edible updates

THE LATEST SCOOP

Keeping you informed of local food and drink news.

WRITTEN BY MICHAEL TRAGASH
ILLUSTRATION BY GREG BRADY

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Month after month, there’s more news to share than we can possibly fit in this column. Our local food community is constantly buzzing with all sorts of exciting new openings, awards and accolades, anniversaries, and celebrations. Keeping up with it all has become quite the task, but you don’t need to worry. We’re serving Edible Updates on a silver platter, so when your friends ask, you’ve got the answers.

Openings

In 2017, after Laura Conrow closed Wedge Cheese Shop, she took a year-long sabbatical and went in search of cheese-loving friends across the globe. Guided by her nose and expert palate, she spent time exploring cheese culture in Europe, pondering life with some of the world’s top cheese producers, and, of course, eating lots of cheese. Now she’s back, and in June she hit the streets with Wedge On Wheels, continuing her mission of bringing “cheese love to the people.” Reno’s only mobile artisan cheese shop is housed within a 16-foot-long custom trailer, which is considerably smaller than the retail store. You may think downsizing would have some drawbacks, but the small space just forced Conrow to be a bit more focused in her offerings. Of the 40 to 50 varieties of cheese she’ll stock at any given time, Conrow is most excited to share those created by great American cheese producers from across the country. In addition, you’ll find 20 meats and all the accoutrements you can imagine, such as crackers, pickles, jams, olives, and more. Wedge On Wheels has been making appearances at farmers’ markets and food truck events all season long, including Feed The Camel and 39 North Marketplace in Sparks, and soon you’ll see the business start to offer classes, too. Check the website and social media to find out where the truck will be next, or hire it for your private event.

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Laura Conrow, Wedge on Wheels

South Reno residents are rejoicing with the opening of Bab Cafe’s second location in The Summit this June. The first location in Downtown Reno quickly gained a loyal following for its fresh, healthy, and robustly flavored rice (bab) bowls, served in a fun, fast-casual environment. Each bowl is beautifully presented with a mix of fresh vegetables and toppings and classic Korean proteins, which had social media buzzing from the beginning. With vegan, vegetarian, gluten-free, and paleo options, too, Bab Café became the ultimate crowd pleaser for diverse groups of diners. To help combat the difficult parking downtown, Bab Café became one of the first restaurants to sign on for delivery via Grubhub, Yelp, and Uber Eats, which boosted the restaurant’s reach and popularity. The new location is next to the movie theater at The Summit, where parking is abundant, service is fast and friendly, and delivery is coming soon.

BabCafe
Bab Café

West Street Market has undergone a lot of changes recently. At the end of March, Rick Martinez closed his West Street Wine Bar after 10 years in business. West Street Wine Bar always was known for its carefully curated wine list and was touted for introducing customers to new, interesting, up-and-coming, and relatively unknown wines from all over. Combining all those adjectives into one word and following in those exact footsteps, Michelle Miller opened Esoteric Wine Bar in the location the day after the closing. Esoteric’s wine list changes frequently and offers more than 40 wines by the glass, giving Miller the opportunity to educate guests with each sip and ensure they experience new wine adventures on every visit. Best of all, Miller is happy to help you pair Esoteric’s offerings with the delicious dishes available from any of the West Street Market’s many restaurants.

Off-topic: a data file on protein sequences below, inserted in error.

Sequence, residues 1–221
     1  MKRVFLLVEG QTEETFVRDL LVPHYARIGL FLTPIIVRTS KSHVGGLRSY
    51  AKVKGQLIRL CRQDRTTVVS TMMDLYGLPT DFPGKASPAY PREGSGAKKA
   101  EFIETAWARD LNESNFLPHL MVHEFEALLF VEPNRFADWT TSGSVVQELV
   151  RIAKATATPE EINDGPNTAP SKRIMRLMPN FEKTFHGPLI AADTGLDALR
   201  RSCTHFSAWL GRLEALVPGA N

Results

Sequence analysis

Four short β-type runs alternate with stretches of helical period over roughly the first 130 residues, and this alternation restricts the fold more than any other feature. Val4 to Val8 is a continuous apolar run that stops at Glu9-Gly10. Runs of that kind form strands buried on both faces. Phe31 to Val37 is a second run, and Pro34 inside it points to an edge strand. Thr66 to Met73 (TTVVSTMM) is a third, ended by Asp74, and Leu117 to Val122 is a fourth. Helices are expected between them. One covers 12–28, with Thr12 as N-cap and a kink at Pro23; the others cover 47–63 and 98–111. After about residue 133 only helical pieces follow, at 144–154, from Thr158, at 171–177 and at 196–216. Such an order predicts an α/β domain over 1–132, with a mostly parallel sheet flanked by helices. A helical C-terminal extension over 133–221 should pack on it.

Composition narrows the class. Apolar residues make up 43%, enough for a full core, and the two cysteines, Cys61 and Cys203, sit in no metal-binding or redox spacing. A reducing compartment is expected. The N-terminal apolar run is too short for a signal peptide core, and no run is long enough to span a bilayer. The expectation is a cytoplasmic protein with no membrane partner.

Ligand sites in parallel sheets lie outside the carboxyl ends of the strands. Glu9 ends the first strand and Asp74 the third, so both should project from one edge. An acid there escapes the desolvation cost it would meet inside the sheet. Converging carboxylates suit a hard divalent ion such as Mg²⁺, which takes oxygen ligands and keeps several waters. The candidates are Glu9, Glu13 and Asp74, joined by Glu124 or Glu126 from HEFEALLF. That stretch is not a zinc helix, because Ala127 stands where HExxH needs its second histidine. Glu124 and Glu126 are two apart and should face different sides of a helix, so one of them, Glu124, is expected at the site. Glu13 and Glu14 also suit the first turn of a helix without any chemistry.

MichelleMiller owner EsotericWineBar
Michelle Miller

Sol Kava, which once occupied the space between Thali and The Deluxe in the West Street Market, has closed in pursuit of retail distribution, making way for the opening of The Pizza Collective in June. Where guests of Sol Kava once enjoyed comfortable seating, now a behemoth of an Italian-made pizza oven sits. The oven came to Reno by way of San Francisco, after 25 years at famed pizzeria Una Pizza Napoletana. Fueled by local wood and hand cut by one of the members of the collective, the oven runs at around 900 degrees F, churning out pies in about 90 seconds. Those pies are made on a signature sourdough crust, which begins with a starter that requires diligent daily care to be kept happy and healthy. That crust is then topped with the best ingredients available in our region. The Pizza Collective’s owners are conscious of the impact their ingredients have on the local foodshed and aim to reduce the overall impact the business has on the environment by sourcing as much as they can from the region. You’ll notice the menu changes regularly, reflecting the seasons and available produce, and the producers’ names are proudly displayed on a blackboard for all to see.

ThePizzaCollective
The Pizza Collective

Wade Johnston and Joe Bernardo have more than 35 years’ combined experience in all aspects of viticulture and winemaking, and thanks to recent changes in legislation, as of June 16, they’re now able to share it with us. The fruit for all Basin and Range Cellars’ wine is grown on a nine-acre plot in Minden, designated as the highest-elevation commercial vineyard in the U.S. With well-drained granite soil, nearly year-round sunshine, and a naturally arid climate, this is the perfect plot for sustainably growing the French-American hybrid grape varietals that the pair uses to produce small lots of rustic, unfiltered wines. Basin and Range Cellars shares a winery and tasting room on East Fourth Street with Nevada Sunset Winery and Great Basin Winery, in a nice arrangement that allows visitors to experience the range of our region with three local wineries under one roof.

Anniversaries, accolades, and updates

At the age of six, Kevin Futamachi asked for an Easy-Bake Oven for Christmas, and he’s been baking ever since. His passion for baking led him to attend the French Culinary Institute (now International Culinary Center) in New York City, where he had the opportunity to work alongside Jacques Torres and Jacques Pépin before spending time abroad sharpening his skills. His first pastry chef title came from the Farmstead at Long Meadow Ranch restaurant in Napa, where he learned to work efficiently in a small space, serving more than 1,000 diners a day. Ultimately, he came back to Reno to become chef Colin Smith’s pastry chef at Roundabout Grill. Futamachi’s global experience and local acclaim landed him a spot on Food Network’s Bakers vs. Fakers in March, where his bourbon-infused blondie and lime shiso posset with watermelon gelée advanced him to the final round, only to be bested by the one faker in the lineup, a news anchor and producer from Monroe, La. These days Futamachi is head chef for a University of Nevada, Reno, sorority.

ChefKevinFutamachi
Chef Kevin Futamachi